The answer, Catania says, is to go after our “gout-ridden government” — shrink “the bureaucracy that continues to feed itself.” This apparently would not qualify as a spending cut.

We heard a less florid version of the same from witness Barbara Lang, President and CEO of the D.C. Chamber of Commerce. She, on behalf of members, objects to all tax increases. Also wants the funds cut from small business technical assistance restored.

The local government, she says, isn’t operating efficiently. Implies that eliminating unnecessary and redundant functions would allow the government to deliver all essential services without raising either taxes or fees.

Now, I’m the last one to say that the District government — or any government for that matter — is as efficient as it could be. Surely some functions are duplicative, unnecessary or of such low priority that they could, in theory, be eliminated.

But let’s get real. Virtually every function — indeed, every significant expenditure — has supporters that would make meaningful reductions politically difficult. Recall, for example, what happened when former Mayor Fenty tried to fold the Office on Asian and Pacific Affairs into a larger unit.

More importantly, the Gray administration and the Council would have to find — and agree on — some $127 million in “efficiencies” in order to balance the budget with no tax increases or yet deeper cuts in core services.

Also somehow to accommodate the cost impacts of a large increase in unemployed residents — not only government employees, but those employed by contractors and the many local retailers that would come up short on revenues.

And they’d have to do it before May 24, when the Council is scheduled to vote on the budget.

All this efficiencies business is just a distraction from the very real choice between adopting even more significant revenue raisers than the mayor has proposed or creating even greater hardships for low-income District residents.

NOTE: Just as I was finishing up this posting, Councilmember Evans marked up the Finance Committee’s share of the proposed budget. Under his leadership, the committee majority rejected virtually all the revenue raisers. This reportedly leaves the budget shy nearly $119.5 million.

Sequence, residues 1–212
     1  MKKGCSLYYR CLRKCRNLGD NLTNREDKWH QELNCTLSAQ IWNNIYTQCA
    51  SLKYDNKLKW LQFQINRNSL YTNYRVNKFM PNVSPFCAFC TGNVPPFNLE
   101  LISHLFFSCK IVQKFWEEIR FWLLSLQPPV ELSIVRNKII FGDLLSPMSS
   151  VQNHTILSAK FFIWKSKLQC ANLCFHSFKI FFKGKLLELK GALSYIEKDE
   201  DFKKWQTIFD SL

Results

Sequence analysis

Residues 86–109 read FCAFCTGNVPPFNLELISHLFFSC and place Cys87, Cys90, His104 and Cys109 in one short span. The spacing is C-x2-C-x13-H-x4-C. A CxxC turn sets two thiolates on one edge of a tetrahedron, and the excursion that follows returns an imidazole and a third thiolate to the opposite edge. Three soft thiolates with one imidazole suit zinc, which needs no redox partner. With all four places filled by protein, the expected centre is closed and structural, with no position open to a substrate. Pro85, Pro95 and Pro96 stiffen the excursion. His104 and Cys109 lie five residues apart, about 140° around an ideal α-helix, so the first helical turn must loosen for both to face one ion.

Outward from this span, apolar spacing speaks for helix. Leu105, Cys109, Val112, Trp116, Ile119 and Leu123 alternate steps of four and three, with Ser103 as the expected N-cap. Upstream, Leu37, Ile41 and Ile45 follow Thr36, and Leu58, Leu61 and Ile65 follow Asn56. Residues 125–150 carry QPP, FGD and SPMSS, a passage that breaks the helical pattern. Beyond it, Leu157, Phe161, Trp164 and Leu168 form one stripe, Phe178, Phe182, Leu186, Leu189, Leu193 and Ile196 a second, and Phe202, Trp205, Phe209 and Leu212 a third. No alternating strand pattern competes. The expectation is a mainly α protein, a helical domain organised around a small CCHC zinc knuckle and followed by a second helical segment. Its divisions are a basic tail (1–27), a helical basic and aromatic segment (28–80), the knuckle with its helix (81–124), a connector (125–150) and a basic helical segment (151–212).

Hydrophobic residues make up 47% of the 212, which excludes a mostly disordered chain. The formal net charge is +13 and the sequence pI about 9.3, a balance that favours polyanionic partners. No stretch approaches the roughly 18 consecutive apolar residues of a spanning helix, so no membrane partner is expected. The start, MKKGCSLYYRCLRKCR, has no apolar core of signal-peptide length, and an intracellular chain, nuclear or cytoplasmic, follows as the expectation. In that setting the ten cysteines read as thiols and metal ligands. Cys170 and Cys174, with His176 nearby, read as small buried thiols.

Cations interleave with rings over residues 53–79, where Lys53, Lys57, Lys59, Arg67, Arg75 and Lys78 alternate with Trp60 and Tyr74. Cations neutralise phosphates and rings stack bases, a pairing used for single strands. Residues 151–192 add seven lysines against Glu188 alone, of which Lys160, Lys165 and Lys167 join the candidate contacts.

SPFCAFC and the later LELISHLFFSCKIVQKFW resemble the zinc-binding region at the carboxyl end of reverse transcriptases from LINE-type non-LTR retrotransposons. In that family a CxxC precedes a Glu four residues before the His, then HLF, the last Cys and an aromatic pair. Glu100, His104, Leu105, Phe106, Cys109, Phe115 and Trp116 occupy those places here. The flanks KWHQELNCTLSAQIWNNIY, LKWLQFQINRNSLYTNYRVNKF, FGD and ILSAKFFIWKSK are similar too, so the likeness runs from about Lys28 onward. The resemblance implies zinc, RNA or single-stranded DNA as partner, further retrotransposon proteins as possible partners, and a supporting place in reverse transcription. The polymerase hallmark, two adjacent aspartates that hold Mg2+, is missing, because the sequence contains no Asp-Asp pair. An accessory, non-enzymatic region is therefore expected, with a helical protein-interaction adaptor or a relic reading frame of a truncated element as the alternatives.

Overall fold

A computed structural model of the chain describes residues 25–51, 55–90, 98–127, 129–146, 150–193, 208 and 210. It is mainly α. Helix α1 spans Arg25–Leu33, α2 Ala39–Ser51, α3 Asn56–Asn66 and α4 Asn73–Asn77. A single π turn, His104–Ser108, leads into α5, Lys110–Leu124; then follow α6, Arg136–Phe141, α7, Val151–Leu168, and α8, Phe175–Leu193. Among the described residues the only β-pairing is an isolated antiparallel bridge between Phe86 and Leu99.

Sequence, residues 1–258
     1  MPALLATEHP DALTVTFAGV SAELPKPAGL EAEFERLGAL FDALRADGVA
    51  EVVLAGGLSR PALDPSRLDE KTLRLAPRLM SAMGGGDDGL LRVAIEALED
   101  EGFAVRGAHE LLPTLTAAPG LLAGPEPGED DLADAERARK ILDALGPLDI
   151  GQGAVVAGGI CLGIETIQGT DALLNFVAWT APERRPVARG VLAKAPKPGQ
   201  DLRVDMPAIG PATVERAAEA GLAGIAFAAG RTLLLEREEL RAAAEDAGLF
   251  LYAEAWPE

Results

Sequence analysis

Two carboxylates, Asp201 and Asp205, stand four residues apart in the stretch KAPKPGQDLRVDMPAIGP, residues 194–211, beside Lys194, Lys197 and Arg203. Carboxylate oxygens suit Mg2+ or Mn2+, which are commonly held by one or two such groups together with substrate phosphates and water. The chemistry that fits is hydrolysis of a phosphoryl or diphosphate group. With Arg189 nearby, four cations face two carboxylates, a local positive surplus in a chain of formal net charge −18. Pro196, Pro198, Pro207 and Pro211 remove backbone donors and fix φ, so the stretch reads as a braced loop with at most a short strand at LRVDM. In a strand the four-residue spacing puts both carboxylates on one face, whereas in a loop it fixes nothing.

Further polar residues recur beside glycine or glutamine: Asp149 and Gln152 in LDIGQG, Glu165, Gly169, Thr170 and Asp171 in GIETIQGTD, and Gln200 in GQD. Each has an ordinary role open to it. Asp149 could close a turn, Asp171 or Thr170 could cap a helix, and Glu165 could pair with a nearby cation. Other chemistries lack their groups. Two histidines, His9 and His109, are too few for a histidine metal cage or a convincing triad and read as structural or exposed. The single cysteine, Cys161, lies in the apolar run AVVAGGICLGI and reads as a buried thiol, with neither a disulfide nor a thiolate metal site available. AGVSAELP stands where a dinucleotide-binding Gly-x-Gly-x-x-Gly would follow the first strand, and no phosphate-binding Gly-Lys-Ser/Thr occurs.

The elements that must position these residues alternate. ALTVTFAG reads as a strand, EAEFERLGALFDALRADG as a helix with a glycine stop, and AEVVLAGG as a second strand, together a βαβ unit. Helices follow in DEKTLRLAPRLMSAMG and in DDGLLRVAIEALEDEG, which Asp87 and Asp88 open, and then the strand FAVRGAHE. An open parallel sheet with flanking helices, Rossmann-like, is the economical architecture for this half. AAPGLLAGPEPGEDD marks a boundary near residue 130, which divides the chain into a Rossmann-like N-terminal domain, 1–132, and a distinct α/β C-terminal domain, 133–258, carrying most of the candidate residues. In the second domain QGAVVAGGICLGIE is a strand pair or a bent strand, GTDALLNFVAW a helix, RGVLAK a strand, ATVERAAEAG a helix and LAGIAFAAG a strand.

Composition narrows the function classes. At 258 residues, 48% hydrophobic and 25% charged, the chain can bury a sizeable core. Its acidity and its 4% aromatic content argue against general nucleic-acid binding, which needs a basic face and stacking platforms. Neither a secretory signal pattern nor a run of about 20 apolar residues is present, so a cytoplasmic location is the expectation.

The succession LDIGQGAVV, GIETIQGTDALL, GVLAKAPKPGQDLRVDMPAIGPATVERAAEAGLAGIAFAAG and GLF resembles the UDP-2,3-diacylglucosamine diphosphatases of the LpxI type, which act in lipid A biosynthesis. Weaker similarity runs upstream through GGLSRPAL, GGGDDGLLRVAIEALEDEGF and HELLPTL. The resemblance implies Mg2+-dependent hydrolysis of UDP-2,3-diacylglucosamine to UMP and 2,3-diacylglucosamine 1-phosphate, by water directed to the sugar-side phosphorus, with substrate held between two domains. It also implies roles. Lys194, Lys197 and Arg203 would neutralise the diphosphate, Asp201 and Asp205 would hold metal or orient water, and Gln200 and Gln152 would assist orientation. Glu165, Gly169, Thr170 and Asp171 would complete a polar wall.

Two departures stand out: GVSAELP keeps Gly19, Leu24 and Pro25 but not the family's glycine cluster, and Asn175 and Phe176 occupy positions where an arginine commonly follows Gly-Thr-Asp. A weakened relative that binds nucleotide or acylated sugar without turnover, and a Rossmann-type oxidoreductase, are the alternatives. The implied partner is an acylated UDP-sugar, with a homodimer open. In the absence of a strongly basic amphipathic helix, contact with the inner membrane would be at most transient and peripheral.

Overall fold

Like Catania, Evans claims that revenue raisers versus deep cuts in social services is a “false choice.” No hint as to what the real choice is.


DC Council Cuts TANF Benefits, Approves Full Cut-Offs

December 26, 2010

Our lawmakers on the DC Council had decided to wrap up lawmaking for the year on December 21. They had a long agenda and, with Christmas fast approaching, probably shopping to finish up, parties to get to, etc.

So they decided to vote on a revised Budget Support Act* that they’d seen for the first time less than a day before. Decided not to worry that they wouldn’t have a second chance to vote, since Council Chairman Vincent Gray had introduced it as emergency legislation.

Gray had obviously had second thoughts about the impending cuts in cash benefit to families in the District’s Temporary Assistance for Needy Families program. Also third thoughts, since the final TANF provisions were significantly different from those I’d seen in a version of the substitute BSA circulated several days before.

For poor families dependent on TANF, there’s some tentative good news about cash benefits. Also some news that very ominous — both about cash benefits directly and about sanctions that will henceforward put families at risk of no benefits at all.

Cash Benefits

As I earlier wrote, the Council voted in early December to phase out benefits for TANF families who’d been in the program for a total of more than five years. This would have meant a 20% cut each year until 2015, when benefits would have been zeroed out.

The final version of the BSA imposes a 20% reduction on these families’ benefits after February 2011, but specifies no further reductions. In other words, it reverts to Mayor Fenty’s budget gap closing proposal.

However, the final BSA allows the mayor to adjust the level of TANF assistance payments through the rulemaking process. It thus opens the door to further benefits reductions.

We’ve got some evidence that Gray has his eye on them. The prior draft of his substitute BSA imposed an across-the-board 12% reduction. For a family of three, this would have meant a maximum of $377 a month — less than 25% of the federal poverty line.